Impact of Tetranychus ogmophallos (Acari: Tetranychidae) on different phenological stages of peanuts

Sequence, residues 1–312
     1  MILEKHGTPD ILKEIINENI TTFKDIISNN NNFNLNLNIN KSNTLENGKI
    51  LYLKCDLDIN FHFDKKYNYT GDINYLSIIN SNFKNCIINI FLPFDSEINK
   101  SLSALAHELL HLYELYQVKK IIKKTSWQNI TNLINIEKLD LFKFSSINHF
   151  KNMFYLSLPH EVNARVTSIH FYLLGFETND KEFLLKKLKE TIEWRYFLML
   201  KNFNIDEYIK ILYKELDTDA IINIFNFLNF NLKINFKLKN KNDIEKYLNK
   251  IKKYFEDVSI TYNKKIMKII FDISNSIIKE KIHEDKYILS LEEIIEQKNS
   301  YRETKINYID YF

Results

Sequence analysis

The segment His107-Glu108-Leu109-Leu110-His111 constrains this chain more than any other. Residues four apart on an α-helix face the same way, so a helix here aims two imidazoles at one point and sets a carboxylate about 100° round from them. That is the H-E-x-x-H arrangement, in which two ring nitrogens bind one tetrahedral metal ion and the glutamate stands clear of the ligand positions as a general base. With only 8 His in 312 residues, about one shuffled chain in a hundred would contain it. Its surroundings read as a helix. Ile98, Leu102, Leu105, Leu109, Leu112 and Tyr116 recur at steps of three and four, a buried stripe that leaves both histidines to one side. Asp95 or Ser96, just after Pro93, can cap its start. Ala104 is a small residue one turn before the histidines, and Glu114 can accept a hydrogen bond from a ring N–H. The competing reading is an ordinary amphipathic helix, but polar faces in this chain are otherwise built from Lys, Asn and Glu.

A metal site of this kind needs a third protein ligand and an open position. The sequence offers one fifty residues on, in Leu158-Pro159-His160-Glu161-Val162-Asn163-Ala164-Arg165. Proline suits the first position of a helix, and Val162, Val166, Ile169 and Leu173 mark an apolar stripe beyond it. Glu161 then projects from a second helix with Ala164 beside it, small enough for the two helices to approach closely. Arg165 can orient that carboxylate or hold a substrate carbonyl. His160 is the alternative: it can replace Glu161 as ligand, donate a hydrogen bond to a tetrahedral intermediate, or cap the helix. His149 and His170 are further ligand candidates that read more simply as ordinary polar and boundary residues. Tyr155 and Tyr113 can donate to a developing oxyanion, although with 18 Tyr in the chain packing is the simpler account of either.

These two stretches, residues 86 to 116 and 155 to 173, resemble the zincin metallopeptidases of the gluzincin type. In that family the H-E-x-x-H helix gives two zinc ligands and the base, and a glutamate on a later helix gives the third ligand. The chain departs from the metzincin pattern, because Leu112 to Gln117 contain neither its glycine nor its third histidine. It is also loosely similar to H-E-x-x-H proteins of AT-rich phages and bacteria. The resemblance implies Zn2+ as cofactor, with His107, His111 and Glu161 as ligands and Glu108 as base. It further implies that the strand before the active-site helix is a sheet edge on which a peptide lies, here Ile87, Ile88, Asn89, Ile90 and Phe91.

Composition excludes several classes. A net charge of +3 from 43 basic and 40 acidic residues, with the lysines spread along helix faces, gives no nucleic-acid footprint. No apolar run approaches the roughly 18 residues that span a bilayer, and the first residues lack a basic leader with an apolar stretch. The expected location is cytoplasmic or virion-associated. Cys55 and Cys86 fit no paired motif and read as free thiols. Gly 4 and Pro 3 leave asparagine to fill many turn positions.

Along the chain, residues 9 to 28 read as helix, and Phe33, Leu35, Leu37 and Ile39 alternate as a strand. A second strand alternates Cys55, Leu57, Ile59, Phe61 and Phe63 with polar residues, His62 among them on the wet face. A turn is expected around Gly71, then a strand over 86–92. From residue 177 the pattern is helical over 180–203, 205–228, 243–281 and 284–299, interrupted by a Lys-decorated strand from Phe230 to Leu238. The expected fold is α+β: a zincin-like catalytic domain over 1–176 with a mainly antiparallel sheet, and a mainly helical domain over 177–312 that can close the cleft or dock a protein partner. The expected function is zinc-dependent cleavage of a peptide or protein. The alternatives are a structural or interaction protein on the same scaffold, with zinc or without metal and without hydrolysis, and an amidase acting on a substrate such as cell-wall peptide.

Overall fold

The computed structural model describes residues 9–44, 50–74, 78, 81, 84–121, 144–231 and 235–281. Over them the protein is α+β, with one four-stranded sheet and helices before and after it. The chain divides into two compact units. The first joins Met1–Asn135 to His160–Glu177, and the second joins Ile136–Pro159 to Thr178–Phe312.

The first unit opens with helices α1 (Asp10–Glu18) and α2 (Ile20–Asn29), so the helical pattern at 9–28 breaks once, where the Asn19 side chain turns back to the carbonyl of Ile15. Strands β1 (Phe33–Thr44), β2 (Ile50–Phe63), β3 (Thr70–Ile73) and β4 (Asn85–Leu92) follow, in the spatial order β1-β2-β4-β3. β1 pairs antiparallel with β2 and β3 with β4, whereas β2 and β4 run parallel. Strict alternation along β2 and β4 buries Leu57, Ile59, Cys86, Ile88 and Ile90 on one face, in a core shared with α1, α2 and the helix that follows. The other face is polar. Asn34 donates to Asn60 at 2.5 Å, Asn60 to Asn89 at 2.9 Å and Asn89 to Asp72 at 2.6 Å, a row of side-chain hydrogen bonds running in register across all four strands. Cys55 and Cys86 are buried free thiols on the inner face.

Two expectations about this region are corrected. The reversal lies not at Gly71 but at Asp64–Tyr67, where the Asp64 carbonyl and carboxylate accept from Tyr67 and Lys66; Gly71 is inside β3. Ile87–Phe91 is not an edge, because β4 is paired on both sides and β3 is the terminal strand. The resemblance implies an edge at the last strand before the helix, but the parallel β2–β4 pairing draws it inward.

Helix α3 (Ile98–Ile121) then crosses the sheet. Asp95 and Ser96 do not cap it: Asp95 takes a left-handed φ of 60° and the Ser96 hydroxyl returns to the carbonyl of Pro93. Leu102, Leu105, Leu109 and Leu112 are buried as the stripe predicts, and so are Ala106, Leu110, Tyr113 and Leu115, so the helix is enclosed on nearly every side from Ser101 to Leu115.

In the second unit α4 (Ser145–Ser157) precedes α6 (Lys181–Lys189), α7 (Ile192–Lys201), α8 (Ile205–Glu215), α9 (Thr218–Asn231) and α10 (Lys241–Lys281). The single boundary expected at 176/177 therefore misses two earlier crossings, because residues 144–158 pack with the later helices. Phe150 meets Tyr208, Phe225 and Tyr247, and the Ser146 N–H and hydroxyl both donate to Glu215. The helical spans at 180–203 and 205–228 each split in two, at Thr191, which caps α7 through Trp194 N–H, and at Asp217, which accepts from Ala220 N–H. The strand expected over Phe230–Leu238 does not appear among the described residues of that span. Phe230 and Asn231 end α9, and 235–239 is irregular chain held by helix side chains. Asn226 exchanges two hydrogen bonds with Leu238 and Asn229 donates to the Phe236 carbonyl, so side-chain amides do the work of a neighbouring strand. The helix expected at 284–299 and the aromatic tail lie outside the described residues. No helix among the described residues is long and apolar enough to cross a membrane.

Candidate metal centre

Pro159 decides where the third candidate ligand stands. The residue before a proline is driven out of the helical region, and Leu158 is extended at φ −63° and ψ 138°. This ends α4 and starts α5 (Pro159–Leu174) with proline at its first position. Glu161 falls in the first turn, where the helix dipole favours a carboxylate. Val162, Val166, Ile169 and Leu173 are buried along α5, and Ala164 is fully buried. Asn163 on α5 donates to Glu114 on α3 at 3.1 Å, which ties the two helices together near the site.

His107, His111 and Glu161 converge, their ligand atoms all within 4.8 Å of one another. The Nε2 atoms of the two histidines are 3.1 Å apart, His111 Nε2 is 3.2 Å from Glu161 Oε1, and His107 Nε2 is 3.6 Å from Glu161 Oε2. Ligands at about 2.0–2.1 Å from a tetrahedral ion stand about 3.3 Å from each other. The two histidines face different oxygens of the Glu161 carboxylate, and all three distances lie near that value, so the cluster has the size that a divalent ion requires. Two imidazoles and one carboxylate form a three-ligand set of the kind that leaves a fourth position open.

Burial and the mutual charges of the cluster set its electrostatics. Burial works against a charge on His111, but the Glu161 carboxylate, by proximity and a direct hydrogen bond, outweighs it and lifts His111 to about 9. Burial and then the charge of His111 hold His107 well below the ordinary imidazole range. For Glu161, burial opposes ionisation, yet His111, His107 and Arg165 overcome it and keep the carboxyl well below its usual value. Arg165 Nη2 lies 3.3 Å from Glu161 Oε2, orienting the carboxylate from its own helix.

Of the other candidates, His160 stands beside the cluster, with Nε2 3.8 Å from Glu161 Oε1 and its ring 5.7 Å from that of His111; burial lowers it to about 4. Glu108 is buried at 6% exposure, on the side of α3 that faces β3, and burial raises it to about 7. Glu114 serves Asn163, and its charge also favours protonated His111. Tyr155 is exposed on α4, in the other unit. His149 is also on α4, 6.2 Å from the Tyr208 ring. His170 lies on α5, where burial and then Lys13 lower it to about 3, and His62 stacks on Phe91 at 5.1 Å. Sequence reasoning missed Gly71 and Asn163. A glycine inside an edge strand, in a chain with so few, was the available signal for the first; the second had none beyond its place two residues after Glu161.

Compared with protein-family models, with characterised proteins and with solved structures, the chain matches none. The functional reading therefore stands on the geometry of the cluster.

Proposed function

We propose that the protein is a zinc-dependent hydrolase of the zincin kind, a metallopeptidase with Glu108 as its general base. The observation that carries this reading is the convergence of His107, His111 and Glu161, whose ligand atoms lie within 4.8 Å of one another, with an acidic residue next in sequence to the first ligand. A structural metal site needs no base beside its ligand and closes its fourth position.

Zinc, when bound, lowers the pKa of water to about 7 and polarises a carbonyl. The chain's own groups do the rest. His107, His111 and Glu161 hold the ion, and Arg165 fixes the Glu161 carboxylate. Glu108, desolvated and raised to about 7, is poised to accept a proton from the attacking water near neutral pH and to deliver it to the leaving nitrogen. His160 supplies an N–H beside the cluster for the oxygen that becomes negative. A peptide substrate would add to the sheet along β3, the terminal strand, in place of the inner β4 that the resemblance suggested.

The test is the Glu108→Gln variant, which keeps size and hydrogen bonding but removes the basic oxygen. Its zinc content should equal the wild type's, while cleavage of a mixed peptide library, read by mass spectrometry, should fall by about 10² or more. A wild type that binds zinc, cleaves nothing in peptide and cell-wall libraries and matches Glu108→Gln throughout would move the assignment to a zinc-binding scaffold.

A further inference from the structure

ABSTRACT Peanut red mite, or Tetranychus ogmophallos Ferreira and Flechtmann, is considered the major emerging pest of peanut in Brazil. Its impact on peanut farming is still unknown but can be harmful. Thus, it is essential to understand how this mite influences peanut for a successful pest management program. This study aimed to investigate the impact of T. ogmophallos on peanut plants at different growth stages in order to clarify whether or not it is worth controlling this pest throughout the peanut growing season. For that, four experiments were carried out in a greenhouse to evaluate the impact of T. ogmophallos infestation on peanut plants at different phenological stages. Results showed that peanut seedlings of up to 60 days emergence and infested with red mite did not complete the reproductive cycle. In addition, infestation at 90 days after seedling emergence (late season) led to considerable yield reduction. As a result, we may infer that infestation can significantly peanut yield, regardless of plant phenological stage. Thus, controlling this emerging pest is necessary even if infestations occur in the final stages of plant development. The adopted level of infestation is above the economic threshold given the importance of the impact on growth and yield of these plants. Because of this, establishing an economic threshold level at different plant developmental stage is crucial to determine when control measures should be taken.